Cayuga Lake N. end (Cayuga State Park) 4/2
Decisions, decisions, decisions! After 3 days of teaching and some inclement weather what’s a fisherman to do? I talked to my buddy Jarrod three times on Wednesday trying to come up with something. Do we go to Skaneateles Lake for some rainbows, perch and salmon? How about Owasco for the first time this year for some big smallies and maybe some laker jigging and a whack at a few rainbows/browns? Better yet, Cayuga Lake has been fantastic for trout and salmon – so we could go there. Or Seneca. Or Fairhaven on Lake Ontario and cast for spring browns. It was an angler’s dilemma. A Central NY angler’s dilemma that is.
After careful consideration of the conditions and weather/wind forecast we settled on some good old panfishing on the N. end of Cayuga. Jarrod whacked around 90 perch there with his father in-law on Tuesday. They found some nice schools of 10″ to 13″ fish on Cayuga, which has been the ‘hot perch lake’ according to anglers Jarrod talked to while working at BPS last weekend. We decided on 1/2 day of perch, then we’d do my ‘once every 2 years’ attempt at seeing whether Cayuga Lake still holds much of a crappie population.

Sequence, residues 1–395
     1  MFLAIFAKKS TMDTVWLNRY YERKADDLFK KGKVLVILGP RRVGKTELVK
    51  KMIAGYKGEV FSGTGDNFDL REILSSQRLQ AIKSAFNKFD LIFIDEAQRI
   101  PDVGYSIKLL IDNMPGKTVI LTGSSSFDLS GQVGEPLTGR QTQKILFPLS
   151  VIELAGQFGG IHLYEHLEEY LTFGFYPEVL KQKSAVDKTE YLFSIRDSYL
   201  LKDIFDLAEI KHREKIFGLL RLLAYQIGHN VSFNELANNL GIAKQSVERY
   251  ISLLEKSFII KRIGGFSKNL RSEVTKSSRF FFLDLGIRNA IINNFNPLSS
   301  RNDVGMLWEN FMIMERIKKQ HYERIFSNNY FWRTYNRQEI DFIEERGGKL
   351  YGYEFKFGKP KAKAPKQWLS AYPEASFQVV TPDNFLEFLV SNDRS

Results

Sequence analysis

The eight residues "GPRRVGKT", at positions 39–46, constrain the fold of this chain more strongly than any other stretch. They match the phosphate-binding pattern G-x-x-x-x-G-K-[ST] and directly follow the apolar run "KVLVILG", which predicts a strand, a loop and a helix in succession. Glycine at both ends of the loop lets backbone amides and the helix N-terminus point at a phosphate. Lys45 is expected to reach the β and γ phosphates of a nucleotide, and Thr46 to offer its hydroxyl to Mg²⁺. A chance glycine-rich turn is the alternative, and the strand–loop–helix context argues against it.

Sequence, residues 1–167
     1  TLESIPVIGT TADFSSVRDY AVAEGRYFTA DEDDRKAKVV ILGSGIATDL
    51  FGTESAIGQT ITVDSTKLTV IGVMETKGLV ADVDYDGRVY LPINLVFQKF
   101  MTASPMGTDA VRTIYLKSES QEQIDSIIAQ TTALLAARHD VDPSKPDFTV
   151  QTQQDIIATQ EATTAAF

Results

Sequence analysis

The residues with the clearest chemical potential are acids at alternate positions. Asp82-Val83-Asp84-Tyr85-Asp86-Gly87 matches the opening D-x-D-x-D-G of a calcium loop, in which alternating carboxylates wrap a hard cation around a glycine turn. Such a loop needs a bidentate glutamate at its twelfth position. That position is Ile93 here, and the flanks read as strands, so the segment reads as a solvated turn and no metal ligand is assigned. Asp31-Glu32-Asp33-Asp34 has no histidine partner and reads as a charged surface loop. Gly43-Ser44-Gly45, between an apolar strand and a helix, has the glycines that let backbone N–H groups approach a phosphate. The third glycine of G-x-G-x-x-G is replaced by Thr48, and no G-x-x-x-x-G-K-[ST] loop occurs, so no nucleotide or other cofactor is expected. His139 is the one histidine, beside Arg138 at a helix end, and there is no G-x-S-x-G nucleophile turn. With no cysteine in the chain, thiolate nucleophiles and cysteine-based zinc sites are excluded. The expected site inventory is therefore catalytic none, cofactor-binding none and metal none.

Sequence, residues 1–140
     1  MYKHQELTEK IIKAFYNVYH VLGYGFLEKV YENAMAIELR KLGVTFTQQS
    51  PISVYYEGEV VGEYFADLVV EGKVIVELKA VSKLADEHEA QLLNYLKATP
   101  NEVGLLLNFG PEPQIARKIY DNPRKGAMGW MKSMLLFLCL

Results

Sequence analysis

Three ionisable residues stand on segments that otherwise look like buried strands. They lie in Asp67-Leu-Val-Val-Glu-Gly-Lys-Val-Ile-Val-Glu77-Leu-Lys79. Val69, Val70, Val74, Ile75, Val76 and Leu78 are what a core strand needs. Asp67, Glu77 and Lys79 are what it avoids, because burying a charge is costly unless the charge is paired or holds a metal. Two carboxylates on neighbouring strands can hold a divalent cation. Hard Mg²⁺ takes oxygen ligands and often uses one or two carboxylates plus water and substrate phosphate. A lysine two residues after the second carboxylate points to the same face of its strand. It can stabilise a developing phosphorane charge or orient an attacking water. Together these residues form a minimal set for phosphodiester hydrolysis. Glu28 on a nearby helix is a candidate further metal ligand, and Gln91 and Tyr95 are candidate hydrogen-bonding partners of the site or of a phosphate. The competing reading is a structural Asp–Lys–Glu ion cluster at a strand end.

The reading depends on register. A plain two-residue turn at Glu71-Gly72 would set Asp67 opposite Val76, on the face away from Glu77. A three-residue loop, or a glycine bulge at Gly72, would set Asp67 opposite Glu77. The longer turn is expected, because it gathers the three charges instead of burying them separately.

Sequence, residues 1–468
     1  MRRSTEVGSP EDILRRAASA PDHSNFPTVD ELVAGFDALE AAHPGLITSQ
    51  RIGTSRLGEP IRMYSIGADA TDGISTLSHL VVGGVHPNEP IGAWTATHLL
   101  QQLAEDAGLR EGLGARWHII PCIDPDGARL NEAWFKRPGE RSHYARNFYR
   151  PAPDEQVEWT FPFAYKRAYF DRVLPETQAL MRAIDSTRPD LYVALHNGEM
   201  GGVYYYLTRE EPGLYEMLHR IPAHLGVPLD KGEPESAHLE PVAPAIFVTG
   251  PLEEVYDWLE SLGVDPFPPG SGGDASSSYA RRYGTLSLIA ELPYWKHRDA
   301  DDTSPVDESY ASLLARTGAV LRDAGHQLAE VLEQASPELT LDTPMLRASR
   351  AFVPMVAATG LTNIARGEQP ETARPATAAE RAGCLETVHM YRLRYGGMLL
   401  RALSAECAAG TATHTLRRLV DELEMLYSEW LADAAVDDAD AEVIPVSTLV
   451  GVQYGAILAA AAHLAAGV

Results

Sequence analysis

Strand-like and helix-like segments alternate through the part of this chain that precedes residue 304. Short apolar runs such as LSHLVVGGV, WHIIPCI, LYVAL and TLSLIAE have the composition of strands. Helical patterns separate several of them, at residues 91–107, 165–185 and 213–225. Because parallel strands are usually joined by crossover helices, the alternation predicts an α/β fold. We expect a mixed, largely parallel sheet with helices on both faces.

Perch fishing was very good to downright superb. We found our own areas, away from the pack of 23 boats huddled together S. of Frontenac Island. There was probably upwards of 40 to 45 boats out on Cayuga perch fishing. We were able to mark fish in 16′ to 19′ of water and just have at them with various rigs incl. a buckshot spoon with a dropper, double hook rigs with plastics and so on. We used bits of night crawlers and they worked great. We started around 9 am and by noon we had landed 80 to 100 fish, keeping 47 perch. We had a ton of doubles. I’d be lying if I said they were all 9″ or better – we had a fair number of 8″ fish, but they are filletable and that’s what I’ll be doing for the next hour and a half. Great fun and great eating – that’s what pans are about. If you want guaranteed perch Cayuga is the place to be. We saw a few bass, some good carp (not an oxymoron!)and a few pickerel around here and there. The high point of the day was what looked to be a 2′ sturgeon (he’s 80% sure) that Jarrod saw on the Cayuga/Seneca Canal. It may have been a pike, but Jarrod handles plenty of pike on the St. Lawrence River for ESF Fisheries and it didn’t look or move like a pike/pickerel. Crappie fishing didn’t pan out. We tried a bunch of areas from Mud Locks on south and never saw or hooked any. The one area we tried that looked most promising is still more or less permanently off limits to fishing (we found out.) Water temps ranged from the low 40s to nearly 50 degrees on the N. end below the RR. tracks. Water levels are LOW. There’s also a lot of muddy water around.